The newly announced Community Paramedic Program, from Pitt’s Congress of Neighboring Communities (CONNECT), retools the image of emergency medical service personnel.
Instead of racing through city streets, sirens screaming, EMTs participating in the pilot initiative will provide regular in-home care for area residents with chronic conditions.
CONNECT is part of the University of Pittsburgh’s Graduate School of Public and International Affairs’ Center for Metropolitan Studies and represents the City of Pittsburgh and 37 contiguous communities.
The Community Paramedic Program grew from a shared concern regarding EMS funding in area municipalities. It exemplifies how municipal collaboration can yield otherwise unlikely solutions to shared problems, said Kathy Risko, CONNECT’s executive director.
“One single community — be it the City of Pittsburgh, Shaler, Edgewood, Wilkinsburg — they couldn’t pull off by themselves a program like this,” she said. “There’s space in which local governments, when they sit down together and work together, they can find efficiencies.”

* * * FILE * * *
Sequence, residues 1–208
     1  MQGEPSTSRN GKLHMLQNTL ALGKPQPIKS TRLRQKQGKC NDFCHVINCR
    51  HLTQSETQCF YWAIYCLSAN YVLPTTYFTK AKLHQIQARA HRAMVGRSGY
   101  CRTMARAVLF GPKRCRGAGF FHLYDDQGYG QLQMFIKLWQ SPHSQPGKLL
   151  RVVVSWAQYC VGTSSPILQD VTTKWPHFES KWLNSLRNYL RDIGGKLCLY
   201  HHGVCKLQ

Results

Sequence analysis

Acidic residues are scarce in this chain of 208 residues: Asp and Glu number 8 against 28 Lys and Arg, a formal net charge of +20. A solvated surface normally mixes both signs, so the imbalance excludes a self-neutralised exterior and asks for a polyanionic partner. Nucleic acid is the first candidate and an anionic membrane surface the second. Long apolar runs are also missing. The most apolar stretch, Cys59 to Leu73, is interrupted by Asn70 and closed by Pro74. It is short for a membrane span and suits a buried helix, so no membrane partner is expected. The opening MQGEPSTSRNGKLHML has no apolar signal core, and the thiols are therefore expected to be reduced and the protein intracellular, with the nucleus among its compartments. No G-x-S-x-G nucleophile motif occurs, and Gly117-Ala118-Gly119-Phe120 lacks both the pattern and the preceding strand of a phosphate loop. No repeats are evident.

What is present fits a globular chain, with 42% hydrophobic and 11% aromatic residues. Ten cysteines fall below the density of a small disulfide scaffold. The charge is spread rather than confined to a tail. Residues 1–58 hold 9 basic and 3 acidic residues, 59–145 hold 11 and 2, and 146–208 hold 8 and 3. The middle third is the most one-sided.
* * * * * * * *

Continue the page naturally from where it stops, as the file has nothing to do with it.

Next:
Finding those efficiencies is one of CONNECT’s main goals: To create and implement ideas that maximize the economic prosperity of western Pennsylvania.
Very often, people with chronic conditions such as asthma, diabetes or chronic heart disease will make emergency calls that result in expensive emergency room visits. With proper monitoring and treatment, those incidents could be prevented before they escalate.
By providing better, more consistent, in-place care to vulnerable residents with chronic conditions, the program will help to contain healthcare costs by preventing unnecessary visits to the emergency room, Risko said.
“It’ll save the patients money," she said. "It’ll save the EMS providers money; it’ll save the insurers money. I mean, everyone can benefit if people can manage their disease with an intervention in their home.”
Envisioned as a customized care program, the Community Paramedic Program will roll out this summer and last for two years. Funding partners UPMC and Highmark Blue Cross Blue Shield have allotted $600,000 to train personnel and provide operational support over the course of the program.
It's unclear how many EMS personnel will participate in the initiative or how many patients will receive care. Part of being a pilot program is to work out such questions, Risko said.
“This is a program that’s going to help these communities, but certainly if it’s as successful as we hope, we expect it to go out to the rest of the county, if not the rest of the state,” she said.